To what extent can the United States control the global spread of technology, and under what circumstances should it do so? A recently established project at the Center for New American Security (CNAS) has begun to examine the theory and practice of U.S. export control policy. Although export controls have been around for a long time, this is an overdue and promising avenue of analysis into one of the most important tools of U.S. economic and defense statecraft.
Broadly speaking, the ability of the executive branch to control the export of technology stems from the Curtiss-Wright vs. United States case of 1936, which ruled that the Roosevelt administration could, with broad authorization from Congress, regulate the international export of technology with military application. A raft of legislation before and after World War II clarified the legal authority behind export controls, targeting the Axis first and then the Soviet Union. During the Cold War, export controls were critical to maintaining and extending the West’s technological edge over the Soviet Union. More recently, in 2018 the Export Control Reform Act gave the executive branch the broad authority to impose export controls directed at China’s military and dual-use technology industries.
The CNAS project has thus far produced some interesting insights. Just as in the Cold War, export controls depend utterly on the ability of the U.S. to produce a coalition. Controls imposed by Washington are of little help if allies are uninterested in observing them, or if allies prefer a system in which China is a full player. Export controls can be a double-edged sword, because if they are too onerous they can cut off U.S. industry from global developments by scaring off potential partners. Even American firms may offshore certain modes of production if they fear that the export control hammer will fall on their products. Finally, export controls may serve to convince targets and prospective targets simply to indigenize production, thus reducing their dependence on the U.S.
Notably, the Trump administration has been ambiguous as to whether the purpose of the high tech export controls it has imposed are intended to punish China for technology theft, to undercut the Chinese defense industrial base or to hurt the Chinese economy over the long-term.
To borrow terminology from Thomas Schelling, export controls tend to differ from sanctions in that they represent “brute force” rather than a “coercive” effort. The intention behind export controls is generally not to change a target’s behavior, although the State Department may pay lip service to the notion that China or Russia could get themselves out of trouble by changing their policies. Rather, the point is to inflict damage upon the defense industrial base and civilian technology base of the opponent by denying them access to certain technologies that are available to other advanced economies. In the long run, this gives the governments imposing the export controls a technological and economic advantage. The use of export controls to inflict harm on the broader civilian economy is more controversial than their use as tools of defense statecraft. However, the explosion in dual-use technologies necessarily means a) that civilian technologies must be subject to control, and b) that export controls will inflict damage on the civilian economy of the target as well as its defense industrial base.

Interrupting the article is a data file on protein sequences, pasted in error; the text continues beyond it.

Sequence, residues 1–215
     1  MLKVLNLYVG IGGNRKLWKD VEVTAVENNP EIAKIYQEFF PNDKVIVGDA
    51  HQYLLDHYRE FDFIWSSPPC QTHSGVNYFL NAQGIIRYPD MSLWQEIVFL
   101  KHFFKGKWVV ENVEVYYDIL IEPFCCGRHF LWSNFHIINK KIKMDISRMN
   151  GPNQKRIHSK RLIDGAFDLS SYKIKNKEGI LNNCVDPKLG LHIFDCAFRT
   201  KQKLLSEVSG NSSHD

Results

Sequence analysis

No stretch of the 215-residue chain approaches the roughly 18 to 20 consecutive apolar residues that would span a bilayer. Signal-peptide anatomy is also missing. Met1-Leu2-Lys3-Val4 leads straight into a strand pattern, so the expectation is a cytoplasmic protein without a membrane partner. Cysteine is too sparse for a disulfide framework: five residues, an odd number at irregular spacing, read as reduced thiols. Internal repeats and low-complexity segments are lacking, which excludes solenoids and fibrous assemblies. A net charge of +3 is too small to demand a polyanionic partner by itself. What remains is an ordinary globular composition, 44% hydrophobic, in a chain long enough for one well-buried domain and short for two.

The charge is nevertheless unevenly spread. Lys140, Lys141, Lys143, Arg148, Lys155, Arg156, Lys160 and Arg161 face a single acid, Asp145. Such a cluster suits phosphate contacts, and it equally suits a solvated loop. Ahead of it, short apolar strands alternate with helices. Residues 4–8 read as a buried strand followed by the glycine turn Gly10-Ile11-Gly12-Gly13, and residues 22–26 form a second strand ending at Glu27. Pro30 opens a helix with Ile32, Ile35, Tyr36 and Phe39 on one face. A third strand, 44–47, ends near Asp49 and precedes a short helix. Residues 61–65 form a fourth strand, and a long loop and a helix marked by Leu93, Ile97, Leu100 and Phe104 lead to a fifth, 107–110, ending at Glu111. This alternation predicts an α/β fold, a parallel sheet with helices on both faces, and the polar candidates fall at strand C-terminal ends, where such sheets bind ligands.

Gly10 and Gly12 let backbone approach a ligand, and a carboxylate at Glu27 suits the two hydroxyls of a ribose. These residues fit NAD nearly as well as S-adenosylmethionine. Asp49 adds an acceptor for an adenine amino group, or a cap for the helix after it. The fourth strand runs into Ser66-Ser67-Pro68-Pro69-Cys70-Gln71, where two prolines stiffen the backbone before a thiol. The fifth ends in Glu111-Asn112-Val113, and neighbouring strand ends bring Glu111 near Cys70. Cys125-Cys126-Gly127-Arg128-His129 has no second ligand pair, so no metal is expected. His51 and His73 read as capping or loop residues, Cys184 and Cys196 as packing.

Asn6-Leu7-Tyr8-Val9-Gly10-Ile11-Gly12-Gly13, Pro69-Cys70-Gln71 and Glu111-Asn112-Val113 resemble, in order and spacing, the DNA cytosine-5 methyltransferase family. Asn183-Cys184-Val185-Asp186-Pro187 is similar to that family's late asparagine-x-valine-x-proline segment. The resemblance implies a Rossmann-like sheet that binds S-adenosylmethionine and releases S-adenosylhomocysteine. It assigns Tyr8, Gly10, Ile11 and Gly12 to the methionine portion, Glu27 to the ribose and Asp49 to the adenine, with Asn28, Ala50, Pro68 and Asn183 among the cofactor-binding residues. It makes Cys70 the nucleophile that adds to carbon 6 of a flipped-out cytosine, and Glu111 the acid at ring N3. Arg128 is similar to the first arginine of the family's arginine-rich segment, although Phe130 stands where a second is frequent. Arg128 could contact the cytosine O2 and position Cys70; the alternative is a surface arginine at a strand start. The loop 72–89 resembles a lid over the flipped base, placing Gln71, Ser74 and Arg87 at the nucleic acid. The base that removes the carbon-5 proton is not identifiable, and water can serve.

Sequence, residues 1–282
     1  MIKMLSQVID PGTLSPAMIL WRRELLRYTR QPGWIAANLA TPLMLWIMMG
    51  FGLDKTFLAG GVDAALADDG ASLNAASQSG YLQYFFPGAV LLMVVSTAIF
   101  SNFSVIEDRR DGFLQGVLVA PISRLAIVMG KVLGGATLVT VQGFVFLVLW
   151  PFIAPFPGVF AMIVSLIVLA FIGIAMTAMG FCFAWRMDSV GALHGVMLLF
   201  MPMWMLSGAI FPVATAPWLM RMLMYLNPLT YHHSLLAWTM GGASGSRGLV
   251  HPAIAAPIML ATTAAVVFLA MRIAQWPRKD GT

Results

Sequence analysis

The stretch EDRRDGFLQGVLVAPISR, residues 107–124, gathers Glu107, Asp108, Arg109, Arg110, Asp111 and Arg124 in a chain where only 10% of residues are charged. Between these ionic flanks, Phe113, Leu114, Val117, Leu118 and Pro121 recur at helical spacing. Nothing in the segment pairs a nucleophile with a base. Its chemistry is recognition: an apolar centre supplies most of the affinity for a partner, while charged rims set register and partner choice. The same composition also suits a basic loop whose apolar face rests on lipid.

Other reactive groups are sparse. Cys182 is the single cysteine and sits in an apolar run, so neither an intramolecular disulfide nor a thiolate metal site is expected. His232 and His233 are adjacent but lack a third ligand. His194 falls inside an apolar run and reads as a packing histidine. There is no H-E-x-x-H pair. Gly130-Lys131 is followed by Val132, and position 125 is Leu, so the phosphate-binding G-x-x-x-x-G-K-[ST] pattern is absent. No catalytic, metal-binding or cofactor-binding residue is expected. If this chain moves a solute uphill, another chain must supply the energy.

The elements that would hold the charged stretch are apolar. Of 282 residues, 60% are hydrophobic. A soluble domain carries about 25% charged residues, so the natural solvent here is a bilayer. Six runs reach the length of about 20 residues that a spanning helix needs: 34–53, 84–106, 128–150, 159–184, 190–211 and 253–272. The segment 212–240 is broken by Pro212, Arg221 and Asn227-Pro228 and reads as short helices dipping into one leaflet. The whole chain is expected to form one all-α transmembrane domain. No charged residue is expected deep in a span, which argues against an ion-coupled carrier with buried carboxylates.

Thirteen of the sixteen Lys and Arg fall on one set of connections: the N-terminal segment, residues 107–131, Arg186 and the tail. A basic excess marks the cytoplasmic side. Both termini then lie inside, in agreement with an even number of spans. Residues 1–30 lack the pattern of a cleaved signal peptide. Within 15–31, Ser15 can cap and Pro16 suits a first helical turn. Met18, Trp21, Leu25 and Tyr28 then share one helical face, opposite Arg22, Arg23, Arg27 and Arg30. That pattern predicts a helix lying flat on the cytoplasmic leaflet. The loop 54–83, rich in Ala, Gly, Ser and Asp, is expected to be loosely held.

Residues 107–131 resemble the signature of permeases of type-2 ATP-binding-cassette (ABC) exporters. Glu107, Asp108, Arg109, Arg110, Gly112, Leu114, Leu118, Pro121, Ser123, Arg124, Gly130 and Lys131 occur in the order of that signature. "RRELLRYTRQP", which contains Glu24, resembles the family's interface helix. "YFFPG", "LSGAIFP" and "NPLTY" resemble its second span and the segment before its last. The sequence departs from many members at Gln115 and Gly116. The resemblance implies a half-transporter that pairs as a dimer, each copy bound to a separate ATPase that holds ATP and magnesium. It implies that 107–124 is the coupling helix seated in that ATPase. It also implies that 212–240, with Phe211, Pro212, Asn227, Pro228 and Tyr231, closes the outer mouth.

For its part, China has accused the U.S. of creating market distortions and disregarding the rules of international trade. China has also begun to restructure its technological industrial base in order to indigenously produce the chips and other equipment that it can no longer acquire from the U.S. Intellectual property rights have complicated this effort, as American firms hold key patents in some areas that make it difficult for Chinese companies to compete on international markets.
In any case, the CNAS project (which will hopefully in the future examine the extent to which export controls and intellectual property protection interact and coincide) is a valuable contribution on one of the most important tools of U.S. policy toward China. Hopefully, it will help to develop a more nuanced conversation on how to manage technological competition while also protecting U.S. industry.